A Russian mayor running for reelection thought he'd found a "willing patsy" to run against him, a requirement of sorts to ensure at least the appearance of a democratic process. But Marina Udgodskaya—a local mom of two who used to clean Povalikhino's City Hall and says she's not interested in politics, per RFE/RL—turned out to be no patsy: The 35-year-old ended up winning the election in her small town of less than 250 against Kremlin ally Nikolai Loktev, even though she had agreed to run against Loktev only as a favor to him. "He just needed somebody else, anybody at all, so the election could take place," she tells the New York Times, which notes that incumbents in Russia and other ex-Soviet states almost never lose, due to a rigged process in which opposition is muffled to the point where it's now hard at times to find prop candidates.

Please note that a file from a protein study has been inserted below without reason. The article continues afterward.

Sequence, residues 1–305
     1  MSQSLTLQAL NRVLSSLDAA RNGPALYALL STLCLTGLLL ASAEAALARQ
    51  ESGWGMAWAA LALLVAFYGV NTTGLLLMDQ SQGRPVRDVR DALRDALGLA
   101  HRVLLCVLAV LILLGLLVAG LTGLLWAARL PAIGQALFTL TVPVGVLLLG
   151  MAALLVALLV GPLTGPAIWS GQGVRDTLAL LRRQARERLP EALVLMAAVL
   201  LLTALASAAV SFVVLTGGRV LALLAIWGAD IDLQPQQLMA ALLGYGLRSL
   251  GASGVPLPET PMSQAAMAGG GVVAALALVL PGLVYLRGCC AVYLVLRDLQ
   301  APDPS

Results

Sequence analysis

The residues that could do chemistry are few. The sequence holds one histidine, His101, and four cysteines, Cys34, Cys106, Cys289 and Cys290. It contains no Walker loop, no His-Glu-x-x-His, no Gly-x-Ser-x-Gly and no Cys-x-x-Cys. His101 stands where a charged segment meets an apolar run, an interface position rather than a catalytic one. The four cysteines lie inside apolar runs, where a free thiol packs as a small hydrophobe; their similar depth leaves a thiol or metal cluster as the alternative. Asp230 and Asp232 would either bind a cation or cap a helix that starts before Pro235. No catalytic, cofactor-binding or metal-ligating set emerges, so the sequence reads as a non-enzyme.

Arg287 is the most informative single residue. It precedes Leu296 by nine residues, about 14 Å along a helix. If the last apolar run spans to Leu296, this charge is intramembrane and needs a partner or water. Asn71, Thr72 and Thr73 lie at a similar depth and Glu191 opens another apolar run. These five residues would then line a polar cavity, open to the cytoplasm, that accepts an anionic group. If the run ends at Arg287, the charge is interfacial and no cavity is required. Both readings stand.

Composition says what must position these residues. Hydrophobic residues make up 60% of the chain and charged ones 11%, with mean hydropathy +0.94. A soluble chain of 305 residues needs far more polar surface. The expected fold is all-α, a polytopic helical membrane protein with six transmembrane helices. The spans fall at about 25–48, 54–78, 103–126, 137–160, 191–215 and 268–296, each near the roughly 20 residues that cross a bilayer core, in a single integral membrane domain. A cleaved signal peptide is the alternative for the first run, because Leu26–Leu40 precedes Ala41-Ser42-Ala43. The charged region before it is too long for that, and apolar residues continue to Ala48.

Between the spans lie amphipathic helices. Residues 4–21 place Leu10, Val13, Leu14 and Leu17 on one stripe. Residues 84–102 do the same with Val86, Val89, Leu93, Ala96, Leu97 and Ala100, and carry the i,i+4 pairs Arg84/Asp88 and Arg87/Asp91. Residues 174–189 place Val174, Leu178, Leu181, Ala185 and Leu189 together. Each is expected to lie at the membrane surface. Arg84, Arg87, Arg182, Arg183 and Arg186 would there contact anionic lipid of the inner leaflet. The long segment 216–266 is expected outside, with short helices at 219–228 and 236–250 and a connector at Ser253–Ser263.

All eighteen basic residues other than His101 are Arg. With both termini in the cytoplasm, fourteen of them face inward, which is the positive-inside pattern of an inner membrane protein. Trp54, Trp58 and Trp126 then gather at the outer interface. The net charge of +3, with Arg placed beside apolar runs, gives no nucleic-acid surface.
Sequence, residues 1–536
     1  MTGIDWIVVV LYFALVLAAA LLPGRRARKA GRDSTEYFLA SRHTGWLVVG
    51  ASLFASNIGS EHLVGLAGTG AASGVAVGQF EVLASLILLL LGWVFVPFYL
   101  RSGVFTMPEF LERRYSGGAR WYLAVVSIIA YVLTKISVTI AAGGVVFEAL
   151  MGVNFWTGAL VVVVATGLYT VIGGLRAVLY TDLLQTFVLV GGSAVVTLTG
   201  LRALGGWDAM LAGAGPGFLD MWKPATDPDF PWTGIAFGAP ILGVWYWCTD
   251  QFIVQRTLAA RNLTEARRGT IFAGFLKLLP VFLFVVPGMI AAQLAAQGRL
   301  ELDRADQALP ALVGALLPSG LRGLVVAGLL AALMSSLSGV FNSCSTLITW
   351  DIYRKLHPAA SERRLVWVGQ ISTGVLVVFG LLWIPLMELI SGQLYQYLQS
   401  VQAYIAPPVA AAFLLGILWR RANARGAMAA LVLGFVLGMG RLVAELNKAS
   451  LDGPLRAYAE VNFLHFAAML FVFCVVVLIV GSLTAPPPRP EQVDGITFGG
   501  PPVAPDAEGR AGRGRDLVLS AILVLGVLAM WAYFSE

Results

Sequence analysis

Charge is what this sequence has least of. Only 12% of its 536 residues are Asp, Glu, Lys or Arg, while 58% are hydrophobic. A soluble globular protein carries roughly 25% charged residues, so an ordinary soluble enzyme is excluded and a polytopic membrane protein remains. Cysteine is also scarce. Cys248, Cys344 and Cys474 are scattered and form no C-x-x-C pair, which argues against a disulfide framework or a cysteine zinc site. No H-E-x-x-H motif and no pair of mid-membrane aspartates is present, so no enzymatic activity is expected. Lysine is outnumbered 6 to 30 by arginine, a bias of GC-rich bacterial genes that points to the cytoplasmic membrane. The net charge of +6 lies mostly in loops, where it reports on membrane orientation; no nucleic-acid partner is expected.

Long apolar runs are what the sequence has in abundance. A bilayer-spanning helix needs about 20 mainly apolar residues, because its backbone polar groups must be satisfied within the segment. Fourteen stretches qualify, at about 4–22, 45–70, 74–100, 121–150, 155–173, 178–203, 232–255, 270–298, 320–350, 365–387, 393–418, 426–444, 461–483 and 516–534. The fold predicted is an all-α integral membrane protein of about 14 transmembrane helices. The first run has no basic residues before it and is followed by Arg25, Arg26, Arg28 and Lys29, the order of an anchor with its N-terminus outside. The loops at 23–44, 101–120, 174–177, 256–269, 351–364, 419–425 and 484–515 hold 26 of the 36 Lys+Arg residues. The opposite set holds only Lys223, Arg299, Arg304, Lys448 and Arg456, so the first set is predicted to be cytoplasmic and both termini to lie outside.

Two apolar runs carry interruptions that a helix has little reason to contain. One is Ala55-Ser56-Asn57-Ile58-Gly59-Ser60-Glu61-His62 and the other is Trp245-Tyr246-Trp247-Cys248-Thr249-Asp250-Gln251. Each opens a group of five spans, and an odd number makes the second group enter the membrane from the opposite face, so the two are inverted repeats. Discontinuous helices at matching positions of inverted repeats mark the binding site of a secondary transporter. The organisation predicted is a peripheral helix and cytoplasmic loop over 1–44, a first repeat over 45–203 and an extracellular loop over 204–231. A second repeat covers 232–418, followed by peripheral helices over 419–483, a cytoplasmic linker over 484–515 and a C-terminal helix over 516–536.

The paper notes that President Vladimir Putin has run against the same lame opposition candidate for the last three elections, a "humorless man with a droning, wooden voice" that the Communist Party provided. So how did Udgodskaya win nearly 62% of the vote, despite no campaigning or voter meet and greets? Folks in her small village simply liked her. "The people had had enough," one local electoral commission member tells the BBC, noting that Udgodskaya was "flabbergasted" at the outcome. The new mayor has since come around to her new role, with one of her first goals being to bring streetlights to Povalikhino. Loktev's wife tells the Times the affair is a "very painful topic," while Loktev himself seems resigned to what happened. "Clearly the people wanted change," he tells the BBC. (Read more Russia stories.)